A business lesson that's still relevant to-day from Ed Ting:
Meade Instruments began in the early 1970's as a modest company selling replacement parts for ATMs. Complete telescopes followed in the latter part of the decade. Meade's growth came slowly and steadily at first. But then, sometime around 1980, Meade experienced explosive growth with the introduction of their 2080 series of Schmidt Cassegrain telescopes. Finally, amateurs had a serious and economical alternative to the Celestron scopes. ...
In many ways, the advertising strategies of the two companies at the time were quite revealing -- they were almost diametrically opposed to one another. Meade's ads, done in a classy black and white, showed studious, somewhat nerdy men, wearing white lab coats and thick glasses. Meade obviously took their products very seriously, and their literature reflected this, often approaching the level of fine art.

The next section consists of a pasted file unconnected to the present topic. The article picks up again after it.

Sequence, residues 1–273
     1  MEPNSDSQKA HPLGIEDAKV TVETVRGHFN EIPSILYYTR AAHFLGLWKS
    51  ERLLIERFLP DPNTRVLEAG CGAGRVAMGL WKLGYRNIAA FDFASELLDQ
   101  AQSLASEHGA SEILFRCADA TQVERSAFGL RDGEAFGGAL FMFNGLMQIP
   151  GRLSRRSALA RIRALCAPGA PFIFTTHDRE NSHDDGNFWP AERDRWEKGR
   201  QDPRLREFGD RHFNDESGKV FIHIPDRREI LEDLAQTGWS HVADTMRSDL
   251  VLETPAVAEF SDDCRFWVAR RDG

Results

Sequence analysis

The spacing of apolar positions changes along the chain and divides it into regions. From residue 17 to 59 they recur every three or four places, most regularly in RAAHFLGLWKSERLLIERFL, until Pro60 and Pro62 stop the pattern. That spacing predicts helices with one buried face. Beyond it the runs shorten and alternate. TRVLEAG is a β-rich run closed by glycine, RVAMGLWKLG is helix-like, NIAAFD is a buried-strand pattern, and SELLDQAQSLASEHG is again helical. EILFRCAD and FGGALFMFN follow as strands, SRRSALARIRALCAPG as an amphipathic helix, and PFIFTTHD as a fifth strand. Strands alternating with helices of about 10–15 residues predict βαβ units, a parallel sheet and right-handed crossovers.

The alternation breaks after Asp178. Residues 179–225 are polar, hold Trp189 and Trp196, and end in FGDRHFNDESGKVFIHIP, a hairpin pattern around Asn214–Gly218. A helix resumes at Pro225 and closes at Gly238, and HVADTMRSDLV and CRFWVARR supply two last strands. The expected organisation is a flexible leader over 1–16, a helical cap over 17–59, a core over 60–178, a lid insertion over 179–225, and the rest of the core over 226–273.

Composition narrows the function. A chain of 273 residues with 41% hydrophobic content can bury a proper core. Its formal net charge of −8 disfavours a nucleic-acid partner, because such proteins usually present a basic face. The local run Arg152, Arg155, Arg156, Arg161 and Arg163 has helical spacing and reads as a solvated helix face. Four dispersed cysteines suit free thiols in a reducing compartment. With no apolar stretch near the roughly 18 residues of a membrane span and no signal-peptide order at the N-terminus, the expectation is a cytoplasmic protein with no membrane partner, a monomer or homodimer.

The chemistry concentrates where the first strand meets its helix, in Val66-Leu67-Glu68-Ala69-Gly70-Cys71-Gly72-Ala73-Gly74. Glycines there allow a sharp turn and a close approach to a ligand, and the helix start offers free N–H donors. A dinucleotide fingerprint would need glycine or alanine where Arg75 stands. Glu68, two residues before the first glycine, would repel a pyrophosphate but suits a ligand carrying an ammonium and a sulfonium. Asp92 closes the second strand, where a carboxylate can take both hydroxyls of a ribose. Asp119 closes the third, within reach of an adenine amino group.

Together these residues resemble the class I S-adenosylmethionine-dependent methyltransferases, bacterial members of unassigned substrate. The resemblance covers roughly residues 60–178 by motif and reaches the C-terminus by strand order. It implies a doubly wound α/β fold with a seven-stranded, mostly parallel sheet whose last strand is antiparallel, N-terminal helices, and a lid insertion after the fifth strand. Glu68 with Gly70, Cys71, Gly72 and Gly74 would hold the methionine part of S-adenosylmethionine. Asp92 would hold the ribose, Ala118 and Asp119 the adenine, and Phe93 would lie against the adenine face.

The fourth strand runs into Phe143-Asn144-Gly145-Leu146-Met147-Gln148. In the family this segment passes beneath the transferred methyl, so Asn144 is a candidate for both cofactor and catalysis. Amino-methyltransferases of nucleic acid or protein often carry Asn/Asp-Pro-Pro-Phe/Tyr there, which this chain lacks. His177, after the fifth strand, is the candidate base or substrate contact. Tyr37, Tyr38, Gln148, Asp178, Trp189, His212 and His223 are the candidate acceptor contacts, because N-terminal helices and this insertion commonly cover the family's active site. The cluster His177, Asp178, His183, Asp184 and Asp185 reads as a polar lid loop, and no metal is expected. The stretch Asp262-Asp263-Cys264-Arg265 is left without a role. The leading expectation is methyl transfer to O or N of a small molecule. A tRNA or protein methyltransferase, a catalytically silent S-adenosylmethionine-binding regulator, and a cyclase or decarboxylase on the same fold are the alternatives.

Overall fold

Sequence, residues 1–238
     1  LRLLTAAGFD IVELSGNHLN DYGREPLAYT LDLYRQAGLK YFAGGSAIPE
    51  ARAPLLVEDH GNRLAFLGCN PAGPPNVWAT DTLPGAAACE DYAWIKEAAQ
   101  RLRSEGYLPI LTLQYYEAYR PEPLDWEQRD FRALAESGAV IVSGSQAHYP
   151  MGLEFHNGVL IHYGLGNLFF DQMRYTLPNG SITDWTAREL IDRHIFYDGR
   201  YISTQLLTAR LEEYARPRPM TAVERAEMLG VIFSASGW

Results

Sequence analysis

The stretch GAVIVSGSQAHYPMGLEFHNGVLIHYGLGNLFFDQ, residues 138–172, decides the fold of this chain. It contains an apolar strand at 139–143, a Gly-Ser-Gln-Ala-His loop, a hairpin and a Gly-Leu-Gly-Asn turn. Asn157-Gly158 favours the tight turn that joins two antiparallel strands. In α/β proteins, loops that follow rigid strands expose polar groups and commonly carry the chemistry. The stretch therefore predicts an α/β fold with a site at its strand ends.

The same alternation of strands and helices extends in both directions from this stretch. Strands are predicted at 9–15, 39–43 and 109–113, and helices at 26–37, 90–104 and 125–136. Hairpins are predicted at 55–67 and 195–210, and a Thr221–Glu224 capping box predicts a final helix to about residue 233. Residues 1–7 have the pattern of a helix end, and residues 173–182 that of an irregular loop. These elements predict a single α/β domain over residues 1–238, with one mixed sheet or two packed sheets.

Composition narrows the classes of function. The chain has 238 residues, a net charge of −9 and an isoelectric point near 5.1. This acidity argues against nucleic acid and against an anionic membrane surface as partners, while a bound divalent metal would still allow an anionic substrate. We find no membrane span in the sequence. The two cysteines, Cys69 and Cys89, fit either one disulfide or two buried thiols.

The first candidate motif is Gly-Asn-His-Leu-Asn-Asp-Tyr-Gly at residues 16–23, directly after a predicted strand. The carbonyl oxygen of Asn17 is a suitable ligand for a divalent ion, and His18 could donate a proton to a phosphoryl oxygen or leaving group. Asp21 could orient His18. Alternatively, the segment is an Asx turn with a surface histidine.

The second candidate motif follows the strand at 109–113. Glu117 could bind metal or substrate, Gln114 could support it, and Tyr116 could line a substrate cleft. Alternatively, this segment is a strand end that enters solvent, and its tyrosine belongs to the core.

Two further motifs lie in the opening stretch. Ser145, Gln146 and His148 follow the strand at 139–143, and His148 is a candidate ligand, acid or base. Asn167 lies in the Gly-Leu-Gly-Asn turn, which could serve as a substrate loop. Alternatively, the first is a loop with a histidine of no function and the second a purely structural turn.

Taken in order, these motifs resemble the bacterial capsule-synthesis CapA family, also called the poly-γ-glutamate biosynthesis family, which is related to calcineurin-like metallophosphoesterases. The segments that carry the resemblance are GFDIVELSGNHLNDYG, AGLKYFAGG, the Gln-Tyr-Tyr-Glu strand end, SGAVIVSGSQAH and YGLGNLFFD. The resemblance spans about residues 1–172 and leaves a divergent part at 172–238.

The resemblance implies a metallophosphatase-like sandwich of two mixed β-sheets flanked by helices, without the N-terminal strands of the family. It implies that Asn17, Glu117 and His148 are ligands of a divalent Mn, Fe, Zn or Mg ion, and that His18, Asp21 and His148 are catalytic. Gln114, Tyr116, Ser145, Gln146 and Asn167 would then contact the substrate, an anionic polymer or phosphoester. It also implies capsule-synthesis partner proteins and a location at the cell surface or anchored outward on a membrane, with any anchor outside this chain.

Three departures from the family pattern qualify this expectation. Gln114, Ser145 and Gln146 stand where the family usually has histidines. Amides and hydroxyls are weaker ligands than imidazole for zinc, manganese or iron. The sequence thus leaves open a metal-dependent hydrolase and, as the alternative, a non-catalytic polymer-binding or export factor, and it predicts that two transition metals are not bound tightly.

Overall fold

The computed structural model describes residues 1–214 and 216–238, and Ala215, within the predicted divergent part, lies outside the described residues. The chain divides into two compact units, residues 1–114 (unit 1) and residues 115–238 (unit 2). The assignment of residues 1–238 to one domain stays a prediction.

In contrast, Celestron took a more traditional approach, showing pretty women (some in dresses and high heels) posing provocatively at the eyepiece. Most of them looked as if they had never been anywhere near an astronomical telescope before that morning's photo shoot. Many astronomers I've talked to still resent these ads today. "I'm insulted", is a typical comment. What they were silently saying was "I'm buying a Meade -- they respect my hobby."